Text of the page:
EP2082965A1Jan 14, 2009Jul 29, 2009Curwood, Inc.Vacuum skin packaging laminate, package and process for using same
WO2005067607A2 *Jan 7, 2005Jul 28, 2005Northwest Coatings L.L.C.Radiation curable laminating adhesives based on cycloaliphatic carboxylic acid functional monomers
WO2005067607A3 *Jan 7, 2005Jan 5, 2006Northwest Coatings L L CRadiation curable laminating adhesives based on cycloaliphatic carboxylic acid functional monomers
WO2006094202A2 *Mar 2, 2006Sep 8, 2006Sun Chemical CorporationRadiation curable adhesive composition
Legal Events
DateCodeEventDescription
Jul 6, 1999ASAssignment
Owner name: NORTHWEST COATINGS CORPORATION, WISCONSIN
Free format text: ASSIGNMENT OF ASSIGNORS INTEREST;ASSIGNORS:REA, KEVIN D.;LAPIN, STEPHEN C.;REEL/FRAME:010101/0724
Effective date: 19990702
Jan 9, 2003ASAssignment
Owner name: ANTARES CAPITAL CORPORATION, AS AGENT, ILLINOIS
Free format text: SECURITY AGREEMENT;ASSIGNOR:NWCC ACQUISITION, LLC;REEL/FRAME:013632/0324
Effective date: 20021105
Aug 18, 2004ASAssignment
Owner name: NORTHWEST COATINGS L.L.C., WISCONSIN
Free format text: ASSIGNMENT OF ASSIGNORS INTEREST;ASSIGNOR:NORTHWEST COATINGS CORPORATION;REEL/FRAME:015000/0087
Effective date: 20040816
Apr 7, 2006FPAYFee payment
Year of fee payment: 4
Nov 10, 2006ASAssignment
Owner name: NORTHWEST COATINGS, LLC, WISCONSIN
Free format text: RELEASE BY SECURED PARTY;ASSIGNOR:ANTARES CAPITAL CORPORATION;REEL/FRAME:018498/0843
Effective date: 20061107
Dec 20, 2006ASAssignment
Owner name: ASHLAND LICENSING AND INTELLECTUAL PROPERTY LLC, O
Free format text: ASSIGNMENT OF ASSIGNORS INTEREST;ASSIGNOR:NORTHWEST COATINGS, LLC;REEL/FRAME:018654/0243
Effective date: 20061205
Dec 3, 2008ASAssignment
Owner name: BANK OF AMERICA, N.A. AS ADMINISTRATIVE AGENT, CAL
Free format text: SECURITY AGREEMENT;ASSIGNORS:ASHLAND LICENSING AND INTELLECTUAL PROPERTY...;AQUALON COMPANY;HERCULES INCORPORATED;REEL/FRAME:021924/0001
Effective date: 20081113
Owner name: BANK OF AMERICA, N.A. AS ADMINISTRATIVE AGENT,CALI
Free format text: SECURITY AGREEMENT;ASSIGNORS:ASHLAND LICENSING AND INTELLECTUAL PROPERTY...;AQUALON COMPANY;HERCULES INCORPORATED;REEL/FRAME:021924/0001
Effective date: 20081113
Apr 13, 2010ASAssignment
Owner name: ASHLAND LICENSING AND INTELLECTUAL PROPERTY LLC,OH
Free format text: RELEASE BY SECURED PARTY;ASSIGNOR:BANK OF AMERICA, N.A., AS COLLATERAL AGENT;REEL/FRAME:024218/0928
Effective date: 20100331
Owner name: AQUALON COMPANY,DELAWARE
Free format text: RELEASE BY SECURED PARTY;ASSIGNOR:BANK OF AMERICA, N.A., AS COLLATERAL AGENT;REEL/FRAME:024218/0928
Effective date: 20100331
Owner name: HERCULES INCORPORATED,DELAWARE
Free format text: RELEASE BY SECURED PARTY;ASSIGNOR:BANK OF AMERICA, N.A., AS COLLATERAL AGENT;REEL/FRAME:024218/0928
Effective date: 20100331
Owner name: ASHLAND LICENSING AND INTELLECTUAL PROPERTY LLC, O
Free format text: RELEASE BY SECURED PARTY;ASSIGNOR:BANK OF AMERICA, N.A., AS COLLATERAL AGENT;REEL/FRAME:024218/0928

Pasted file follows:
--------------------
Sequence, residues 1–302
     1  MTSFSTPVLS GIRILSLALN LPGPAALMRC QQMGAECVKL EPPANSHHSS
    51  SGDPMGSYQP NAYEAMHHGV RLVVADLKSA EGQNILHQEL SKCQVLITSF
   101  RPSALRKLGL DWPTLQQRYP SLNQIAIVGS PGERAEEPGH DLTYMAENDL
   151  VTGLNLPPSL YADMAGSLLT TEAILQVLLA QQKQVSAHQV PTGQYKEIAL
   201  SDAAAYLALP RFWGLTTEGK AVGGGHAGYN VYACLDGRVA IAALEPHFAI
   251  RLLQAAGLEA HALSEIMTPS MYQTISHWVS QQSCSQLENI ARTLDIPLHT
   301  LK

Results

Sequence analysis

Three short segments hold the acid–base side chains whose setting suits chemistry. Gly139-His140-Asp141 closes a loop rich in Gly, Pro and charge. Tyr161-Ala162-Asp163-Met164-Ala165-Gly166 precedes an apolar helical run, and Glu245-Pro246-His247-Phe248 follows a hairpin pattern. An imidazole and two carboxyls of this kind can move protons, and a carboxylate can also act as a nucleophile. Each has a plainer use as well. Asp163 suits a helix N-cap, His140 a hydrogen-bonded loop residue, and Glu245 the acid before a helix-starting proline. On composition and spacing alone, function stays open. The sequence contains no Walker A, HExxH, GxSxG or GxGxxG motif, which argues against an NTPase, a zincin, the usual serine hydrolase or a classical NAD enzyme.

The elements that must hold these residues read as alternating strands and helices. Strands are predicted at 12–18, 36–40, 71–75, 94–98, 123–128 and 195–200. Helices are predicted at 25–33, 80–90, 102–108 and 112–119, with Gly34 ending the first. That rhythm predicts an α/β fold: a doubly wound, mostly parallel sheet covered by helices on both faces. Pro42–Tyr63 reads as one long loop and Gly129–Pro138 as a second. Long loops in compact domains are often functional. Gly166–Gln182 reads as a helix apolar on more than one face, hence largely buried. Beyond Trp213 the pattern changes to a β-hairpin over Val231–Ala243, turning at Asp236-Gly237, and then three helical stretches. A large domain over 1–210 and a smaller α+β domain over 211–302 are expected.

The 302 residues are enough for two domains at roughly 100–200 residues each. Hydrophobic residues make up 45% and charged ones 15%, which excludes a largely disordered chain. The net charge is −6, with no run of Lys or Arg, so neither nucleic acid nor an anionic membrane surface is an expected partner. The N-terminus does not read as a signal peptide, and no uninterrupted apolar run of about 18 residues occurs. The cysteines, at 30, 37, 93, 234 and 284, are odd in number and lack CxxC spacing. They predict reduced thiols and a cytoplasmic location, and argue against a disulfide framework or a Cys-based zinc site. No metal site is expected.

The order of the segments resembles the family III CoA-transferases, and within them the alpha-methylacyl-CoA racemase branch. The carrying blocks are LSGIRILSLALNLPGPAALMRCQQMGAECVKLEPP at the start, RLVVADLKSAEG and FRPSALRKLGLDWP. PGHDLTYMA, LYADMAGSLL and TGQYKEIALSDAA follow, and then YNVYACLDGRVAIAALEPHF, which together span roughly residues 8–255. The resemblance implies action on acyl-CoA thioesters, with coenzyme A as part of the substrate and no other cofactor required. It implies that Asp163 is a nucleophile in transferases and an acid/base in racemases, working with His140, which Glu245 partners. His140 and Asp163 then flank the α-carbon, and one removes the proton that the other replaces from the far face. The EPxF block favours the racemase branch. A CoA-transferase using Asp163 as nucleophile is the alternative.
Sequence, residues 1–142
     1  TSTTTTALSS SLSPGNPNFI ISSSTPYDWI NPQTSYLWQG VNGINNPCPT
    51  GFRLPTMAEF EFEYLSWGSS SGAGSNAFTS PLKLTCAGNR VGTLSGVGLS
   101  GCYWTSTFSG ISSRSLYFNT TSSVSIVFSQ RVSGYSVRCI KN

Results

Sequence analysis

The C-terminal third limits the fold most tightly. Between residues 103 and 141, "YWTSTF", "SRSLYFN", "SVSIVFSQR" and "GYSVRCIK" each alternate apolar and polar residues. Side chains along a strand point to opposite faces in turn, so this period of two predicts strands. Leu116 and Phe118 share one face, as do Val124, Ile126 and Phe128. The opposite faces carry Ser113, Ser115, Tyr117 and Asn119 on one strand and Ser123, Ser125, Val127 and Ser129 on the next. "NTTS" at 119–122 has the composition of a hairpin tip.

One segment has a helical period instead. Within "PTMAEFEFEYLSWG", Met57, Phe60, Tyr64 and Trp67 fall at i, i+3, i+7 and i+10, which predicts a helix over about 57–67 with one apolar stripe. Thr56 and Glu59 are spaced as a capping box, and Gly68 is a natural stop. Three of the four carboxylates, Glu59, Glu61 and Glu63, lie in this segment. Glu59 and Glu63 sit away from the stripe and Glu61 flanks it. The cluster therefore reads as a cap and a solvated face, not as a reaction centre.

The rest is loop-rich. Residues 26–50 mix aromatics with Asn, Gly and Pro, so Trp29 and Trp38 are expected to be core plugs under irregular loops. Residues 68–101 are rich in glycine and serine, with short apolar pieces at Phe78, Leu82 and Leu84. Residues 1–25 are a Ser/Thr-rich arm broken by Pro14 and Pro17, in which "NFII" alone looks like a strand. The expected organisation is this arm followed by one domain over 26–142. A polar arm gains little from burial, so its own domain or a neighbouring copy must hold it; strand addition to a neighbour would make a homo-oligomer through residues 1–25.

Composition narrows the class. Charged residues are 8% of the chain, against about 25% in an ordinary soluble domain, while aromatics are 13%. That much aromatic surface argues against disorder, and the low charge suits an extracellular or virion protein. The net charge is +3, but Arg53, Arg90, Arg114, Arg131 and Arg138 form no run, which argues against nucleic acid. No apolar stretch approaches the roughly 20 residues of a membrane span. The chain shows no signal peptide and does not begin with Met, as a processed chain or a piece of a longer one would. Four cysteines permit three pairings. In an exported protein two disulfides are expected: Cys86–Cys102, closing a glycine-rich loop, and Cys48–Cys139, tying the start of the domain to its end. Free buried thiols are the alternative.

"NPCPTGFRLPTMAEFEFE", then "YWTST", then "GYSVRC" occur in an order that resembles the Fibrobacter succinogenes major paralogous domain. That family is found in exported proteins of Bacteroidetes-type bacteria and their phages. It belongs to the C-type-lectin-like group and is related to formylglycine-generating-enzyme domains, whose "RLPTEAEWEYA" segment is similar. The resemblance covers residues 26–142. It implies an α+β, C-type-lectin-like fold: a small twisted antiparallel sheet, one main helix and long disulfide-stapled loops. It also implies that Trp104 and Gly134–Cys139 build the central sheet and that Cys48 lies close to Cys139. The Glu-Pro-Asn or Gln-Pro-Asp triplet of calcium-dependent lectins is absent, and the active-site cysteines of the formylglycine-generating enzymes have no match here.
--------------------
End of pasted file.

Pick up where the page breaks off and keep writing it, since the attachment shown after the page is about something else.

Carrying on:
Effective date: 20100331
Owner name: AQUALON COMPANY, DELAWARE
Free format text: RELEASE BY SECURED PARTY;ASSIGNOR:BANK OF AMERICA, N.A., AS COLLATERAL AGENT;REEL/FRAME:024218/0928
Effective date: 20100331
Owner name: HERCULES INCORPORATED, DELAWARE
Free format text: RELEASE BY SECURED PARTY;ASSIGNOR:BANK OF AMERICA, N.A., AS COLLATERAL AGENT;REEL/FRAME:024218/0928
Effective date: 20100331
Apr 14, 2010ASAssignment
Owner name: BANK OF AMERICA, N.A., AS ADMINISTRATIVE AGENT,CAL
Free format text: SECURITY AGREEMENT;ASSIGNORS:ASHLAND LICENSING AND INTELLECTUAL PROPERTY LLC;AQUALON COMPANY;HERCULES INCORPORATED;REEL/FRAME:024225/0289
Effective date: 20100331
Owner name: BANK OF AMERICA, N.A., AS ADMINISTRATIVE AGENT, CA
Free format text: SECURITY AGREEMENT;ASSIGNORS:ASHLAND LICENSING AND INTELLECTUAL PROPERTY LLC;AQUALON COMPANY;HERCULES INCORPORATED;REEL/FRAME:024225/0289
Effective date: 20100331
Apr 29, 2010FPAYFee payment
Year of fee payment: 8
Sep 15, 2011ASAssignment
Owner name: ASHLAND LICENSING AND INTELLECTUAL PROPERTY LLC, O
Free format text: RELEASE OF PATENT SECURITY AGREEMENT;ASSIGNOR:BANK OF AMERICA, N.A.;REEL/FRAME:026927/0247
Effective date: 20110823
Owner name: AQUALON COMPANY, DELAWARE
Free format text: RELEASE OF PATENT SECURITY AGREEMENT;ASSIGNOR:BANK OF AMERICA, N.A.;REEL/FRAME:026927/0247
Effective date: 20110823
Owner name: ASHLAND, INC., KENTUCKY
Free format text: RELEASE OF PATENT SECURITY AGREEMENT;ASSIGNOR:BANK OF AMERICA, N.A.;REEL/FRAME:026927/0247
Effective date: 20110823
Owner name: HERCULES INCORPORATED, DELAWARE
Free format text: RELEASE OF PATENT SECURITY AGREEMENT;ASSIGNOR:BANK OF AMERICA, N.A.;REEL/FRAME:026927/0247
Effective date: 20110823
Sep 16, 2011ASAssignment
Owner name: THE BANK OF NOVA SCOTIA, AS ADMINISTRATIVE AGENT,
Free format text: SECURITY AGREEMENT;ASSIGNORS:ASHLAND LICENSING AND INTELLECTUAL PROPERTY LLC;HERCULES INCORPORATED;AQUALON COMPANY;AND OTHERS;REEL/FRAME:026918/0052
Effective date: 20110823
Mar 18, 2013ASAssignment
Owner name: HERCULES INCORPORATED, DELAWARE
Free format text: RELEASE OF PATENT SECURITY AGREEMENT;ASSIGNOR:THE BANK OF NOVA SCOTIA;REEL/FRAME:030025/0320
Effective date: 20130314
Owner name: ASHLAND LICENSING AND INTELLECTUAL PROPERTY LLC, O
Free format text: RELEASE OF PATENT SECURITY AGREEMENT;ASSIGNOR:THE BANK OF NOVA SCOTIA;REEL/FRAME:030025/0320
Effective date: 20130314
Owner name: AQUALON COMPANY, DELAWARE
Free format text: RELEASE OF PATENT SECURITY AGREEMENT;ASSIGNOR:THE BANK OF NOVA SCOTIA;REEL/FRAME:030025/0320
Effective date: 20130314
Owner name: ISP INVESTMENTS INC., DELAWARE
Free format text: RELEASE OF PATENT SECURITY AGREEMENT;ASSIGNOR:THE BANK OF NOVA SCOTIA;REEL/FRAME:030025/0320
Effective date: 20130314
Apr 29, 2014FPAYFee payment
Year of fee payment: 12